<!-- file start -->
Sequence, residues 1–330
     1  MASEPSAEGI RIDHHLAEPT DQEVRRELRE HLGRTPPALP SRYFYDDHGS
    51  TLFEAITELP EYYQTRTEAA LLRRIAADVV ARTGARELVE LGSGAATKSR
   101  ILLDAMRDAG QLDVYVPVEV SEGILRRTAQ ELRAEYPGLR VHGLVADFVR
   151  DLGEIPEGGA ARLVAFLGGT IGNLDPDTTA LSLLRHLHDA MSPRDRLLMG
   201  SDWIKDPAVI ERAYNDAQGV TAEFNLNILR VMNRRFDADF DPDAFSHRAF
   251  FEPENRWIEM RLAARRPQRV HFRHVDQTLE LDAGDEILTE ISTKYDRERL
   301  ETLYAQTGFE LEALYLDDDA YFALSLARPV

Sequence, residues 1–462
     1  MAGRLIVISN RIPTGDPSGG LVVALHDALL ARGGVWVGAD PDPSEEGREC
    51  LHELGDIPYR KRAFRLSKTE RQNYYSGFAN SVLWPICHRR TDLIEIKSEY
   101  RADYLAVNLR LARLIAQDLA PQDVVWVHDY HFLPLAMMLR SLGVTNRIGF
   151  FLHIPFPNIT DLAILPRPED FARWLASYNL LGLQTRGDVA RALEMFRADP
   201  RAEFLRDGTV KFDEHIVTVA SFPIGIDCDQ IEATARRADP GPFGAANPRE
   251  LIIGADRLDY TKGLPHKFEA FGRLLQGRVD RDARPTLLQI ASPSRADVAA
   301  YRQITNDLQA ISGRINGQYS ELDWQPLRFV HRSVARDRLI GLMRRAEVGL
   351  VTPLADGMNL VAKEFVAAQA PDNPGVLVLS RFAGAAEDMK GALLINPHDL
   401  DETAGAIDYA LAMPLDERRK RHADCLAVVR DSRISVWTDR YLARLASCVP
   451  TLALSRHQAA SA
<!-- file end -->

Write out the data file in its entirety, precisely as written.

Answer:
Sequence, residues 1–330
     1  MASEPSAEGI RIDHHLAEPT DQEVRRELRE HLGRTPPALP SRYFYDDHGS
    51  TLFEAITELP EYYQTRTEAA LLRRIAADVV ARTGARELVE LGSGAATKSR
   101  ILLDAMRDAG QLDVYVPVEV SEGILRRTAQ ELRAEYPGLR VHGLVADFVR
   151  DLGEIPEGGA ARLVAFLGGT IGNLDPDTTA LSLLRHLHDA MSPRDRLLMG
   201  SDWIKDPAVI ERAYNDAQGV TAEFNLNILR VMNRRFDADF DPDAFSHRAF
   251  FEPENRWIEM RLAARRPQRV HFRHVDQTLE LDAGDEILTE ISTKYDRERL
   301  ETLYAQTGFE LEALYLDDDA YFALSLARPV

Sequence, residues 1–462
     1  MAGRLIVISN RIPTGDPSGG LVVALHDALL ARGGVWVGAD PDPSEEGREC
    51  LHELGDIPYR KRAFRLSKTE RQNYYSGFAN SVLWPICHRR TDLIEIKSEY
   101  RADYLAVNLR LARLIAQDLA PQDVVWVHDY HFLPLAMMLR SLGVTNRIGF
   151  FLHIPFPNIT DLAILPRPED FARWLASYNL LGLQTRGDVA RALEMFRADP
   201  RAEFLRDGTV KFDEHIVTVA SFPIGIDCDQ IEATARRADP GPFGAANPRE
   251  LIIGADRLDY TKGLPHKFEA FGRLLQGRVD RDARPTLLQI ASPSRADVAA
   301  YRQITNDLQA ISGRINGQYS ELDWQPLRFV HRSVARDRLI GLMRRAEVGL
   351  VTPLADGMNL VAKEFVAAQA PDNPGVLVLS RFAGAAEDMK GALLINPHDL
   401  DETAGAIDYA LAMPLDERRK RHADCLAVVR DSRISVWTDR YLARLASCVP
   451  TLALSRHQAA SA